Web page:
Traditional practices have caused many large organizations to create security silos to solve individual problems rather than looking at the best solution to reduce risk.  They separate physical from logical (or information) security without realizing that these groups serve the same purpose: mitigating risks.  More progressive organizations have their security converged and are thus better able to handle common risks.  These organizations are addressing the reality of risk management, which looks at methods to address risks regardless of the form.

Many new or small organizations lack a separate physical security force that is seen in established firms. They will often outsource physical security functions as part of their lease.  They believe it covers all types of risks and ignore others that they cannot address due to time or money constraints.  These businesses would be better served with a converged security function under a single employee who’s responsibility is to address all types of security risks: both physical and logical.  With this, the company is better positioned to manage their security risks in a consolidated function.

One last point on the physical/logical security convergence is that most of the equipment used by physical security, such as cameras and monitoring, badge systems, etc. is already on the network.  The camera system in your facility is most likely on your corporate IP network.  There’s also a strong possibility that’s also true with your badge system.  They are network servers, but are usually managed outside of IT.  This is another case where a converged security function can better maintain critical company services.

Security isn’t something you bolt on and hope it works.  It needs to be incorporated into the fiber of the organization.  A converged security function allows this to occur in the most cost-effective way.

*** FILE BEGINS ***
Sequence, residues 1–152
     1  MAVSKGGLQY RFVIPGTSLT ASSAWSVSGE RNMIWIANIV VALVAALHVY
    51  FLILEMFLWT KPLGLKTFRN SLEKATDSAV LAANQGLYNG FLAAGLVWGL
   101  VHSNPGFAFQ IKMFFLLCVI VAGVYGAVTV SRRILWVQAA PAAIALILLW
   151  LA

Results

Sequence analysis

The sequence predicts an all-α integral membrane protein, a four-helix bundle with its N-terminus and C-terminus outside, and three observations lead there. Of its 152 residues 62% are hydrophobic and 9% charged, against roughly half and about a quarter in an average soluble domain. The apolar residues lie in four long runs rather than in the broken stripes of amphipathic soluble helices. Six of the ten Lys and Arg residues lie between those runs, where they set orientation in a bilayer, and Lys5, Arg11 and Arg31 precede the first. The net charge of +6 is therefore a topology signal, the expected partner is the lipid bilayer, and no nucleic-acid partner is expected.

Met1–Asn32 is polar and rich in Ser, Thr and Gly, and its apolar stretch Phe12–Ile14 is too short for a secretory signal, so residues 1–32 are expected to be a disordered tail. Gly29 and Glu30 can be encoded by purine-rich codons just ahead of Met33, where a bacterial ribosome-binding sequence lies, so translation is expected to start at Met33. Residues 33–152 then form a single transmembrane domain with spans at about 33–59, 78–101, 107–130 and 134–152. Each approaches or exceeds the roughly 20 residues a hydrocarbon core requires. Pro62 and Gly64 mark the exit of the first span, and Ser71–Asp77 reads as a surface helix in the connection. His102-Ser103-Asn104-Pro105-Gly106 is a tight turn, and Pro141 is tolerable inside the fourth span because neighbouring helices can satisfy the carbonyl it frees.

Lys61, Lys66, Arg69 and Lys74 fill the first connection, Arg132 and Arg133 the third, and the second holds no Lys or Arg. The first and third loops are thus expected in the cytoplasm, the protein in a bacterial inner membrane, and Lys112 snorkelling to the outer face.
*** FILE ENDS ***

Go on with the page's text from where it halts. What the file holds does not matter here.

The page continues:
What do you think?  Feel free to comment below.

Cyberwar, Security Assessments

Major cyber security events of 2011

I just read an article in the Financial Post (a Canadian paper) highlighting some of the major cyber security events of 2011.  Clearly these are not all the events and perhaps they are not even the most significant in some cases…but they serve to remind us of the pervasive and ubiquitous nature of the threats we face.  “Shields up, Mr. Spock.”


  Dec 28, 2011 – 8:29 AM ET

Early January — Canadian Department of Finance/Treasury Board
Hackers believed to have been based in China breached the security of Canada’s two primary economic nerve centres, gaining access to classified data before they were discovered. The same hackers were also believed to be responsible for failed attempts made against the systems of several noted Bay Street law firms several months later.

Early February — Nasdaq Stock Exchange
America’s largest electronic stock exchange was revealed to have been repeatedly penetrated by computer hackers over 12 months. While the trading platform itself was never breached, subsequent investigations found relatively lax security allowed hackers to gain access to other Nasdaq systems.

February/March — Online dating and travel advice sites